Holly has not always been a decoration on Christmas cards, for when these cards were introduced by Henry Cole in 1843 they depicted such things as robins, butterflies, dogs, dancing children, railway locomotives, soldiers and spring flowers. I have a large collection of Victorian Christmas cards (yes, people collect many things, such as beer bottle caps). Holly did not begin to appear on Christmas cards until 1848 and the prize card of my collection is one issued at that time which shows some holly on the front and a bunch of spring flowers and fancy vases on the back. It may be interesting to note that almost all the penny-post Christmas cards of Victorian times included holly whereas the more expensive cards that were sent in envelopes stuck to the roses, violets and Grecian urns.
The reason that so many spring and summer flowers existed on early Christmas cards was due to the popularity of "The language of flowers" where each flower had a hidden meaning. For example, a rose indicated love, a wild geranium meant steadfast purity, a pansy meant "You occupy my thoughts". Well down on the list was ivy that signified friendship and holly that indicated "Foresight" - hardly a romantic thought.
The association of holly with gift-giving goes back to pre-Christian imes when Romans exchanged gifts on their Kalens or New Year's festival on Jan. 1. A sprig of holly was always enclosed with such gifts to Holly can be found in over 400 varieties on all continents but Antarctica. It is particularly popular in Brazil where it is ground to produce a tea-like substance for a drink called mate. In Canada we have several types of holly, two of which grow in my front and back yards. These plants do not have berries and are not particularly "Christmassey". However, there are other holly-like bushes in the Burford area. I refer to some bushes that grow at the edge of the swamp two miles north of Burford on Maple Avenue. These shrubs produce a large hard red berry in winter and we used to cut branches for Christmas decorations.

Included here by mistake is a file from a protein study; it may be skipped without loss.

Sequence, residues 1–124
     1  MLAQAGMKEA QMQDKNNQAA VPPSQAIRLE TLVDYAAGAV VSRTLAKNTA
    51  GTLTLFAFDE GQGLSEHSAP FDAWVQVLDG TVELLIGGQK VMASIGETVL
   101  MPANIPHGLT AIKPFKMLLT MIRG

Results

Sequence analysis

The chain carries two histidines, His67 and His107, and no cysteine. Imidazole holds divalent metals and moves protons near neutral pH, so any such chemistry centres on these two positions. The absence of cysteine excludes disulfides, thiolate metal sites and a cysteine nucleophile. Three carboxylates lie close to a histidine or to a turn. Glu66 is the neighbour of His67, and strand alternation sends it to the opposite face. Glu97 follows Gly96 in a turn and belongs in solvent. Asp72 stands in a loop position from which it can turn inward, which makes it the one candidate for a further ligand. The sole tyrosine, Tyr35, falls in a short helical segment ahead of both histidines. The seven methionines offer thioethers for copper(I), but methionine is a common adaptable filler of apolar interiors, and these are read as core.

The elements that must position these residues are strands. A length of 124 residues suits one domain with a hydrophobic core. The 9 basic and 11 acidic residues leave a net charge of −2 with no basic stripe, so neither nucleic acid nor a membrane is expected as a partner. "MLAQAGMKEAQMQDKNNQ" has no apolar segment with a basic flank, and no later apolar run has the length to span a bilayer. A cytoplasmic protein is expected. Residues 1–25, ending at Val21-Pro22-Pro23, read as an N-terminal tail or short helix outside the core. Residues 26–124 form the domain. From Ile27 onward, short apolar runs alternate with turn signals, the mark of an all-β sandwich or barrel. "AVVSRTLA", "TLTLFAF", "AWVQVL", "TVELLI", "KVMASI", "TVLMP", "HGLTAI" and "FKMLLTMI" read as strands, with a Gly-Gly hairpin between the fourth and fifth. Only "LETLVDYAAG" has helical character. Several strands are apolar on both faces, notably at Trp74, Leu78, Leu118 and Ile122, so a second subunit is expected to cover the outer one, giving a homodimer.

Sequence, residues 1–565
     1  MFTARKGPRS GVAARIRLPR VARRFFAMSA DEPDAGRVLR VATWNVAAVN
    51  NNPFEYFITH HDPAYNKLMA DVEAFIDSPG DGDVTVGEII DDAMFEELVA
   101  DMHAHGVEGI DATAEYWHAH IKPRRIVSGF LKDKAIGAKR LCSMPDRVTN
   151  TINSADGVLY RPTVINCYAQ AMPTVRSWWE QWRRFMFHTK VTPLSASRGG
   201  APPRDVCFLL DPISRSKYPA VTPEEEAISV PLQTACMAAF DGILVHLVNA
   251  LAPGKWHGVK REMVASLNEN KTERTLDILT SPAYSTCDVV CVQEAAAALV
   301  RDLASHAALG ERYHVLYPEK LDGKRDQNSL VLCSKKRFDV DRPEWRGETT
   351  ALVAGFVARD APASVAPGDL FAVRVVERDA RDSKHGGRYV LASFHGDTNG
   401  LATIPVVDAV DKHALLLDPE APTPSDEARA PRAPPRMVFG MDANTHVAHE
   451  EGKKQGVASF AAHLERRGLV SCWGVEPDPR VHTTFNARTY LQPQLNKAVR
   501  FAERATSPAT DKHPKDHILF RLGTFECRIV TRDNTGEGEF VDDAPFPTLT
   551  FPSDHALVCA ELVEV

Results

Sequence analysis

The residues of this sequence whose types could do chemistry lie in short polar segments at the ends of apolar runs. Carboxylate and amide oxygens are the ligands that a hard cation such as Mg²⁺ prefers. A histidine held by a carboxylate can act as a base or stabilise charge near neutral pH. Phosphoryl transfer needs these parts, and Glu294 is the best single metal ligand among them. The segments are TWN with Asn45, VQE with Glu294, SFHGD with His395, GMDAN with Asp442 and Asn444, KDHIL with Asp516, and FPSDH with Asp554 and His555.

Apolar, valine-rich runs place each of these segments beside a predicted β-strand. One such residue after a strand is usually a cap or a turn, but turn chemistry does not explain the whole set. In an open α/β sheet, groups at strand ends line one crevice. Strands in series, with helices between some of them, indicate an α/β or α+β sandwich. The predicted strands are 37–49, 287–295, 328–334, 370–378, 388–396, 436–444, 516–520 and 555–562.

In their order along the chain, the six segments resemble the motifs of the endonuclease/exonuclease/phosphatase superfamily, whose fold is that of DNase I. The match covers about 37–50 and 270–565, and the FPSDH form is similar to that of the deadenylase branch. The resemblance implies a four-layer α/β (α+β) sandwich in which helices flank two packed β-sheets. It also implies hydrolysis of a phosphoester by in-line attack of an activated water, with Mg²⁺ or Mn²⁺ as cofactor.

And so, as we "deck the halls with boughs of holly" and anticipate "the season to be jolly", let us appreciate the colour of holly at a time when other colours of Nature are lacking, but let us never forget that the true celebration of Christmas is to honour the birth of the Christ Child.
In writing this article I realize that there are many other uses and legends involving holly, but it was never my intention to make this Christmas article an academic yawner. In addition, I have confined most of my observations to the non-religious aspects of Christmas. As a Christian I am well aware of the real reason for Christmas celebrations, but I will leave the religious aspects of the season to the well qualified theologians whose interesting columns appear regularly in our paper.